But why do most environmentalists cut back on eating meat? I suspect it’s because they’re focused on feedlot meat, which I haven’t knowingly touched since I saw the movie Food, Inc. last summer. (If you don’t have a chance to see it but want to get a crash course in feedlot meat, watch “Meet Your Meat” or read Jonathan Safran Foer’s Eating Animals. They all have the same effect.)

Thanks to an article in the January 12 issue of Time magazine, I feel justified in my continuing carnivorous behavior (although it’s been somewhat modified toward vegetarian for a number of reasons).

According to Time, the enormous carbon footprint argument is based on the U.N. Food and Agriculture Organization’s 2006 report, which attributed 18% of the world’s man-made greenhouse-gas emissions to livestock. However, cattleman Ridge Shinn says conventional cattle raising is like mining: “It’s unsustainable, because you’re just taking without putting anything back. But when you rotate cattle on grass, you change the equation. You put back more than you take.”

I knew there was something sustainable in the grassfed beef cycle. I’m just glad to hear a cattleman claim it since I don’t have the expertise of a farmer.

Michael Pollan supports the claim: “Much of the carbon footprint of beef comes from growing grain to feed the animals, which requires fossil-fuel-based fertilizers, pesticides, transportation. Grass-fed beef has a much lighter carbon footprint.”

And, grassfed beef is healthier than feedlot beef because it’s got less saturated fat and more omega-3s.

Wanna know more? Read the article.

Eating Animals: A Carnivore’s Review


I finally finished reading Eating Animals, the new book by Jonathan Safran Foer. As I mentioned in a blog post earlier this month, it took me awhile to plod through because it’s not good bedtime reading, which is when I do most of mine. I thought watching videos such as “Meet Your Meat” about feedlot farms was bad; this is even tougher. (It’s just like they say about books and movies….the book is usually better–or worse in this case, due to the graphic descriptions.)

Since I’m a writer, I’ll cover the nuts and bolts first: Frankly, I find Safran Foer’s style difficult to follow. His language is a bit choppy. I don’t always follow his syntax–or his thoughts, for that matter. But, that’s just me.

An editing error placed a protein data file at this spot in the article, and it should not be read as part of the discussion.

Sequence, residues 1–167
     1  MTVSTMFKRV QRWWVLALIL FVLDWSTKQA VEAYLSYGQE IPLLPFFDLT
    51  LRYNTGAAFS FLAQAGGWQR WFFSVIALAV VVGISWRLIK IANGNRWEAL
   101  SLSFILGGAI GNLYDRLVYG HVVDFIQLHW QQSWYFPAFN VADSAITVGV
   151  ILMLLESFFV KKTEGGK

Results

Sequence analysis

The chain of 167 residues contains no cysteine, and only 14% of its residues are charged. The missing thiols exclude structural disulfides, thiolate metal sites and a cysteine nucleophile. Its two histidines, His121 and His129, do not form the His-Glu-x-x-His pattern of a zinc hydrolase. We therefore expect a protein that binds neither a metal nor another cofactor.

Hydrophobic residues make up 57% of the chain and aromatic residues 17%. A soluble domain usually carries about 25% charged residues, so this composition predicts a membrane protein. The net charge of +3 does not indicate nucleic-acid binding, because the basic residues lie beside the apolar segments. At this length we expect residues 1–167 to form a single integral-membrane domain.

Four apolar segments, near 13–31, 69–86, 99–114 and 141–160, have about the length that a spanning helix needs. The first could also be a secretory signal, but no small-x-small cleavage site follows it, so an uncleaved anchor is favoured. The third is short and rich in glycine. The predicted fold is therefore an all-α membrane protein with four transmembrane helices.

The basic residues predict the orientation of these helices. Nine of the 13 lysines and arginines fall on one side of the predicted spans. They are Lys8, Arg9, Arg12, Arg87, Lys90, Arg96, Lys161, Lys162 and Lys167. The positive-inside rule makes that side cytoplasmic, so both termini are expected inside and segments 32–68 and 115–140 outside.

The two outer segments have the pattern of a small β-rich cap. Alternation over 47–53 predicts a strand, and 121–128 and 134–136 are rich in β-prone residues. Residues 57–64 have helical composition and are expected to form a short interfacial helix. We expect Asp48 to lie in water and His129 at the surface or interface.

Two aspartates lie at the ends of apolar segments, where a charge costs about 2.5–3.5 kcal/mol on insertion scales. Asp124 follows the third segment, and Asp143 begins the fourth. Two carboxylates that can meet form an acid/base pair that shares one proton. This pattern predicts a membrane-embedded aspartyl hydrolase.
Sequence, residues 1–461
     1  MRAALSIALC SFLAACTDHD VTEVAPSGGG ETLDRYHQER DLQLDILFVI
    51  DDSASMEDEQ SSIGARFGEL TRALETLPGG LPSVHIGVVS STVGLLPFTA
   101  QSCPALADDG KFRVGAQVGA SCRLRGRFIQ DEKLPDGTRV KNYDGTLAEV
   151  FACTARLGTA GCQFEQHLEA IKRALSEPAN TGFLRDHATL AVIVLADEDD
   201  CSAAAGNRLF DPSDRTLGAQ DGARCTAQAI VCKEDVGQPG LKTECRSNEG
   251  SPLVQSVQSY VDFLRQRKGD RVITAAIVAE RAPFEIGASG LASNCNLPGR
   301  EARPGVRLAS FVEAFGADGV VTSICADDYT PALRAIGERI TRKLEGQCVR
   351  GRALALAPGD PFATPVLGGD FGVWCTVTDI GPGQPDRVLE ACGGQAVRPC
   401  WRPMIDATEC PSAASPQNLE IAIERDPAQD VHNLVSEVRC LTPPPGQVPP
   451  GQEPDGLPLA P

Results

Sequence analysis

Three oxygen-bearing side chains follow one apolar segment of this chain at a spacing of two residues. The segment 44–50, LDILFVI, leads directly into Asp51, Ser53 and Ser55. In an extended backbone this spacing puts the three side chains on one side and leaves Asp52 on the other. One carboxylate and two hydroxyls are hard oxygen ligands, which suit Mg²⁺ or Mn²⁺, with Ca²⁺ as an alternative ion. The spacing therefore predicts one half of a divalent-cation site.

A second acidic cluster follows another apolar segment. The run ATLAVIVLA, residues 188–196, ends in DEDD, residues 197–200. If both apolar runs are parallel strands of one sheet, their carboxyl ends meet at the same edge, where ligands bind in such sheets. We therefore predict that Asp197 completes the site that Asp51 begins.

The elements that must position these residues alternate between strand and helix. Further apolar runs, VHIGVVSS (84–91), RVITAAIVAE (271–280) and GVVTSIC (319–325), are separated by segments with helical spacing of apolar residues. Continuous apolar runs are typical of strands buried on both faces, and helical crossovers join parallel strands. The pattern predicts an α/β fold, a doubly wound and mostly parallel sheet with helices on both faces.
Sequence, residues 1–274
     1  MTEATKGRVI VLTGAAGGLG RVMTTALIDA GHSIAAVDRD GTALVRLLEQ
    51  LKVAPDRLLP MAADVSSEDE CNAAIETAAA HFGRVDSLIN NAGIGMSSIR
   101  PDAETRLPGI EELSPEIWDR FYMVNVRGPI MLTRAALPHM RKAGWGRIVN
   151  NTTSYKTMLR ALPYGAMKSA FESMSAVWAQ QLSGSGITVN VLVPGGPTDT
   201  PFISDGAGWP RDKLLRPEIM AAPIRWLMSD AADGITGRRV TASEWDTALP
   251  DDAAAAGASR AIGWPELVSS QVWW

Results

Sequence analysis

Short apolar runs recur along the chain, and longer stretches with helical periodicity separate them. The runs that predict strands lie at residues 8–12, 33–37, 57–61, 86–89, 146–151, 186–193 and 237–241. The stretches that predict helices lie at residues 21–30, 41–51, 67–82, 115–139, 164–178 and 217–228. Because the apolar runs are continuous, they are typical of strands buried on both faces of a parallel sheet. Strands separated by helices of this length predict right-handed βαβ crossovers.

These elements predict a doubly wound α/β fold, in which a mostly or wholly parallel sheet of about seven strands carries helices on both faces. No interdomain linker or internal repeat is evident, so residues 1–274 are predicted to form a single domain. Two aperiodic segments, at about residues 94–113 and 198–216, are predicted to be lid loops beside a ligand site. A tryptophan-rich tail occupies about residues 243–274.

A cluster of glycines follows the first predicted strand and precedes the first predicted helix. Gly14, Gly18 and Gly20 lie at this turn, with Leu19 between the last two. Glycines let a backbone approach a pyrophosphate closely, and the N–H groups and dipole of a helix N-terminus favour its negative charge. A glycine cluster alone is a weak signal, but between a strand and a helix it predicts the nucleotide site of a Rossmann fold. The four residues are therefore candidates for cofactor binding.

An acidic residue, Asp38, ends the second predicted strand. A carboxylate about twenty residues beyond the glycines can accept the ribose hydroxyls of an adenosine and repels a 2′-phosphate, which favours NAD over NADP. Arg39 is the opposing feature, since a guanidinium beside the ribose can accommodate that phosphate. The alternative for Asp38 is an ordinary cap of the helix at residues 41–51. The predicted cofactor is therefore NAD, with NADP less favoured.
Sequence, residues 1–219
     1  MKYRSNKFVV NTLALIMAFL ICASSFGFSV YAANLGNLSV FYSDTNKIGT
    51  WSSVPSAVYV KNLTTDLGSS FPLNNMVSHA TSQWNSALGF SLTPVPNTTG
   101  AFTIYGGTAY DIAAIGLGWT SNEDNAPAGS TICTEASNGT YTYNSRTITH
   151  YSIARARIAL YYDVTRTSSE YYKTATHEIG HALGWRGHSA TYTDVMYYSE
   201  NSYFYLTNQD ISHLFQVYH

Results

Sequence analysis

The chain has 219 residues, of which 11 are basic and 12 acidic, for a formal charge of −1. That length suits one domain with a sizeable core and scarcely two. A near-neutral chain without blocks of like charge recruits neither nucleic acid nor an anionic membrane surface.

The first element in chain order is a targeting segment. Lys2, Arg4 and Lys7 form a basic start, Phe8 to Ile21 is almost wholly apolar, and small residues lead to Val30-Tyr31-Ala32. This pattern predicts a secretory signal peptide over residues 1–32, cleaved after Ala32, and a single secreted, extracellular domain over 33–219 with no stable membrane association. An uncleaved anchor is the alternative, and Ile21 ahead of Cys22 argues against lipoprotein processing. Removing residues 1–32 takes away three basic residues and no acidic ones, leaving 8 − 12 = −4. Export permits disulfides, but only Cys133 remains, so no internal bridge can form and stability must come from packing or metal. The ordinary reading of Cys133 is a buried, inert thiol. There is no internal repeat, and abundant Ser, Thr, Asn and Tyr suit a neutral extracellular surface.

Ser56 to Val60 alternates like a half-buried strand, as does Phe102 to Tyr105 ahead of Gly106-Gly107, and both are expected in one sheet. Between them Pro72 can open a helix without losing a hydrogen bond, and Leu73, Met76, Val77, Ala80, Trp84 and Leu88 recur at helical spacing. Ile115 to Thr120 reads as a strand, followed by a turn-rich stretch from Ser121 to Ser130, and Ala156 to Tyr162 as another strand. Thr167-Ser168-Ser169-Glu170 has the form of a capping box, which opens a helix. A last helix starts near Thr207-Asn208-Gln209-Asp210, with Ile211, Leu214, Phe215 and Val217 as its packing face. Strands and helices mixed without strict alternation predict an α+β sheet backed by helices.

As for content, he gives the reader a lot to digest. Maybe that’s why it took me three months to read the book. But, most impressively, he’s done his research. Safran Foer has supplied us with a ton of data about the industrialized world of feedlot farming….research we all need to know about. I admire him for taking on the challenge of interviewing people to hear their stories about maltreatment of animals. (Me, I can hardly look at road kill when I’m driving.) I guess if you want to take baby steps toward Eating Animals, try Michael Pollan’s The Omnivore’s Dilemma first; it’ll help prepare you for the graphic depictions described by Safran Foer.

Here’s a basic synopsis of the content, which I snagged from The Huffington Post in October:

Jonathan Safran Foer spent much of his teenage and college years oscillating between omnivore and vegetarian. But on the brink of fatherhood–facing the prospect of having to make dietary choices on a child’s behalf–his casual questioning took on an urgency. His quest for answers ultimately required him to visit factory farms in the middle of the night, dissect the emotional ingredients of meals from his childhood, and probe some of his most primal instincts about right and wrong. Brilliantly synthesizing philosophy, literature, science, memoir and his own detective work, Eating Animals explores the many fictions we use to justify our eating habits–from folklore to pop culture to family traditions and national myth–and how such tales can lull us into a brutal forgetting….

That hits the nail on the head.

So why isn’t this a bedtime story? Let me provide a few excerpts from the book. (Beware: Reader discretion advised.)